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UB researchers discover clues that may boost MS diagnosis, treatment

More than 1,300 patients in the Buffalo region with multiple sclerosis have provided evidence that will help doctors around the world better predict who most likely will get the most debilitating form of the disease.

Researchers at the University at Buffalo this week released findings of a long-term study which used brain scans of those patients to yield clues about how secondary progressive MS appears to form.

They will couple those findings with treatment records that stretch back up to a decade to see what medications and other treatments were used by patients who developed the most serious form of multiple sclerosis — and who did not.

The findings should put researchers on a path to better diagnosis and treatment, said Dr. Robert Zivadinov, lead author of the study, published in the latest edition of the medical journal Radiology.

Multiple sclerosis forms when the immune system attacks sheaths that protect nerve fibers in the brain, spinal cord and optic nerves. Lesions result. Symptoms can include fatigue, numbness or tingling, walking or vision problems, pain and brain fog.

The diagnosis is generally confirmed using Magnetic Resonance Imaging (MRI) to find related lesions often caused by physical trauma, stroke, normal aging or chronic disease.

A greater number and size of lesions generally suggest the disease has flared up or advanced, Zivadinov said, but UB clinicians also tracked patients in which those lesions dissolved into a fluid that pooled in nooks and crannies of the brain.

They discovered that patients where this phenomenon was most pronounced experienced greater damage to brain tissue, were far more likely to develop secondary progressive multiple sclerosis, and that brain scans could provide a predictive window into that progression.

“These lesions are disappearing because of conversion to cerebrospinal fluid," Zivadinov said, “and that's the key finding in this study.”

Those under the grip of secondary progressive multiple sclerosis — which usually appears a decade or more after initial onset of MS — struggle with more physical and cognitive difficulties.

The related MRI research showed that more than 90 percent of patients who developed secondary progressive MS experienced this phenomenon during the five-year study phase, said Zivadinov, director of the Buffalo Neuroimaging Analysis Center and head of the Center for Biomedical Imaging at the UB Clinical and Translational Science Institute.

Patients may be troubled to learn the phenomenon is occurring but if doctors can discover it earlier, it will give them more time and tools to intervene, said Dr. Bianca Weinstock-Guttman, also a UB neurology professor and part of the research study team.

“We're trying to prevent these lesions from forming in the first place, and now we're also looking for medications that hopefully will prevent loss of lesions” when secondary progressive MS is strongly suspected, said Weinstock-Guttman, director of the Jacobs Multiple Sclerosis Center for Treatment and Research in Buffalo General Medical Center.

Weinstock-Guttman also directs the New York State MS Consortium, which has followed about 10,000 patients from across the state for as long as 20 years in continuing efforts to learn more about the treatments and behaviors that best serve patients.

“The benefit with our center in Buffalo is that the majority of our patients are going to the same MRI machine,” she said. “We can go back and learn more, and share it among MS researchers across the globe.”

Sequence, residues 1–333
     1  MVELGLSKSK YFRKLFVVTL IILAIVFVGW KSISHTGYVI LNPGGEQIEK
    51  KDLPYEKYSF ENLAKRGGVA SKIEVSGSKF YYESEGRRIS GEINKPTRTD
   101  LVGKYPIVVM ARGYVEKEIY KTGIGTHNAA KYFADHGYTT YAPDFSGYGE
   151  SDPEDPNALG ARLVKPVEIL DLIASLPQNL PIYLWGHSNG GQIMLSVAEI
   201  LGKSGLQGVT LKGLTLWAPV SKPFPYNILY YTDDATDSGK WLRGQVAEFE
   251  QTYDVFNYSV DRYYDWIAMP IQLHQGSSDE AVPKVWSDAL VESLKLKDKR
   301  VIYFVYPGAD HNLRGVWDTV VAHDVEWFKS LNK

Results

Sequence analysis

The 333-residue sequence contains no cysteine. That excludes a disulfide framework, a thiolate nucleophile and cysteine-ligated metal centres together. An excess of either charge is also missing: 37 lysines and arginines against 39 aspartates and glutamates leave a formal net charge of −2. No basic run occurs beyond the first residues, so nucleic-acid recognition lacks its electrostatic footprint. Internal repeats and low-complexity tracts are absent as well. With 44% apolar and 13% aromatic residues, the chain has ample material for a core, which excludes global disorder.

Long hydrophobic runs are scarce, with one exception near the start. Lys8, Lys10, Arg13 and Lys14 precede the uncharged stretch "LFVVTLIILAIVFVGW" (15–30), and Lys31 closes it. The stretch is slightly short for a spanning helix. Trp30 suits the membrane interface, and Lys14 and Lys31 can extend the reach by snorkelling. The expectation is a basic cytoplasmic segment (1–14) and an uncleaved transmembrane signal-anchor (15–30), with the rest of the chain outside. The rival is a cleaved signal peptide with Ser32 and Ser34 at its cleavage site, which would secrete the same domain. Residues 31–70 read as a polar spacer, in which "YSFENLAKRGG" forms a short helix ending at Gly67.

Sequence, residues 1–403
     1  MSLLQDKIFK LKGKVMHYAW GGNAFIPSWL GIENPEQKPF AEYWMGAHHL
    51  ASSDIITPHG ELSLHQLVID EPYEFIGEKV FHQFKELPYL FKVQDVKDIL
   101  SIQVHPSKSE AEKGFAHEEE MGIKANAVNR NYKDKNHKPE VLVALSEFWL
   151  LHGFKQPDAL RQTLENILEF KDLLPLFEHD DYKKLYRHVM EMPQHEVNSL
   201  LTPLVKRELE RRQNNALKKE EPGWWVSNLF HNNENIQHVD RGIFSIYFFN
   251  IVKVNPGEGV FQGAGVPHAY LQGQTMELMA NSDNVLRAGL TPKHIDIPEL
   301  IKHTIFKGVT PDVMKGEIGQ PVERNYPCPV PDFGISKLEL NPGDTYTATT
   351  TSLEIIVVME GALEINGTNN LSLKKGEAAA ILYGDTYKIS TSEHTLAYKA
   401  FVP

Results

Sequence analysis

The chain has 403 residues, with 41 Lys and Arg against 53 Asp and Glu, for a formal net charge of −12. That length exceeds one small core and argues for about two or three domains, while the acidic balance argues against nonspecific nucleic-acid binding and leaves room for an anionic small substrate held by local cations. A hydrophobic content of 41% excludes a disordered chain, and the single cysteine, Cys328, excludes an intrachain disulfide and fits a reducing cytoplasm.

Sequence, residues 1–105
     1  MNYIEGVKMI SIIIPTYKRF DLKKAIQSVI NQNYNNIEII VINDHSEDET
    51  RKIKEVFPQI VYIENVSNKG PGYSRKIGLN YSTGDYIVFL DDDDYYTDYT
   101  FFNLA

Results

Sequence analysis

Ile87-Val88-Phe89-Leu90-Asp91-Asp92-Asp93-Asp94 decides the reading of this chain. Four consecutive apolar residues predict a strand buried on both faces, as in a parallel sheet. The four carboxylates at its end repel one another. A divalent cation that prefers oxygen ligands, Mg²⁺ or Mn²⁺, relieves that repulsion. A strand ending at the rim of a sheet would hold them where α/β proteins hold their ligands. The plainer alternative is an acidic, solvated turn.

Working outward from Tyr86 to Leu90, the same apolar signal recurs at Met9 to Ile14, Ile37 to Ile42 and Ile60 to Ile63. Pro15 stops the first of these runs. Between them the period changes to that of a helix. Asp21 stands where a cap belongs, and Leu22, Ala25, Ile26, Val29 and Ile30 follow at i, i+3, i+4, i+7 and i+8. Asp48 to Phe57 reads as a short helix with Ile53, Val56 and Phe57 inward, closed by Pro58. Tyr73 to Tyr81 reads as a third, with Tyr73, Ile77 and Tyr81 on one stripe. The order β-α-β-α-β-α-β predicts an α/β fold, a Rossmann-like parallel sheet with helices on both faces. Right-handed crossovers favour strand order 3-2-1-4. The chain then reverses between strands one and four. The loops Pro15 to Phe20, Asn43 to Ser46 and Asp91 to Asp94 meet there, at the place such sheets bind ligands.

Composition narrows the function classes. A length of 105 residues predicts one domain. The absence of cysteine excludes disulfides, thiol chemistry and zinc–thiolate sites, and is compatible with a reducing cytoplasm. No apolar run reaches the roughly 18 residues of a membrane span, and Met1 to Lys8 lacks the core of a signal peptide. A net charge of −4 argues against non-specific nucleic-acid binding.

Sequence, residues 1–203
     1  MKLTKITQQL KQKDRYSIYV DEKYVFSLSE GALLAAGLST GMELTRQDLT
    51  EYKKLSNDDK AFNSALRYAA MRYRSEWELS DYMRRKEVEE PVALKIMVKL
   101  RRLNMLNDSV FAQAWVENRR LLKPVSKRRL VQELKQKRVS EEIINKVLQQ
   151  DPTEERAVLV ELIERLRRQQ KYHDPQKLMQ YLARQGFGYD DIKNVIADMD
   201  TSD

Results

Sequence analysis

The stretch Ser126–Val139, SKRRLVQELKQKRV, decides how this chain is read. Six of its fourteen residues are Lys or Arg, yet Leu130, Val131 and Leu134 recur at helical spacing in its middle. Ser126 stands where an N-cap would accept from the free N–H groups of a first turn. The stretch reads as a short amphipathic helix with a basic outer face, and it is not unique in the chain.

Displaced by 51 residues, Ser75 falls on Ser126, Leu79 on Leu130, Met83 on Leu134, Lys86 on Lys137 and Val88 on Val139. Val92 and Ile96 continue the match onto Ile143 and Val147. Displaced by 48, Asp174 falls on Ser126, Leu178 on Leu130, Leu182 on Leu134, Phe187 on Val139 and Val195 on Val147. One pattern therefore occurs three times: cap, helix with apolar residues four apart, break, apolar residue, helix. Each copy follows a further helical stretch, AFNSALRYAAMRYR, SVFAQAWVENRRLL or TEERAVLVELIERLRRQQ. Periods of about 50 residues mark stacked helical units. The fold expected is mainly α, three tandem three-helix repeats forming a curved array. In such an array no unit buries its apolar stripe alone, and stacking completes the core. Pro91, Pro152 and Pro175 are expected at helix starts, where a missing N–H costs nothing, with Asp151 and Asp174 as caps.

UB researchers followed 1,314 people with multiple sclerosis during the study period, many for up to a decade. Patients in the clinical trial were followed for an average of five years. More than 1,000 were women, with an average age of 46.

MRIs also were conducted on a control group of more than 100 people who do not have multiple sclerosis.

A maverick keeps multiple sclerosis at bay with diet and exercise

Leading researchers at UB and in other centers already have found that several factors raise the risk for multiple sclerosis, including high blood pressure and other cardiovascular disease, smoking, obesity and Type 2 diabetes.

Research also suggests that a diet rich in fruits, vegetables and unsaturated fats, along with regular exercise, often can reduce flare-ups and prolong remission.

Results are not absolute.

“Some people change the diet and feel better,” Zivadinov said. “Some people change the diet and do not feel better. The problem is that there are so many confounding factors.”

Today, more than a dozen oral, injectable and infused medications help treat MS. They have become twice as effective as the first-line drugs of decades past, Weinstock-Guttman said.

The federal Food and Drug Administration requires new MS drugs to reduce the number of brain lesions in a patient over two years. That could change now that UB research has found a way that more accurately signals progression in many cases.

Researchers still don’t know exactly what causes lesions to develop, or understand how their conversion into cerebrospinal fluid contributes to secondary progressive MS. They also aren’t sure about key differences between lesions that disappear and those that do not.

UB researchers are starting advanced non-conventional MRI and positron emission tomography (PET) studies to learn more.

“The amount of lesions that are disappearing in the late stage of multiple sclerosis is tenfold of those in the early stage … so this is a really important observation,” Zivadinov said. “We now may have a really direct application to better diagnosis, an earlier diagnosis of progressive patients, and consequently can consider much more aggressive therapy in patients who are even stable but showing signs of disappearance of these lesions in accelerated fashion.”

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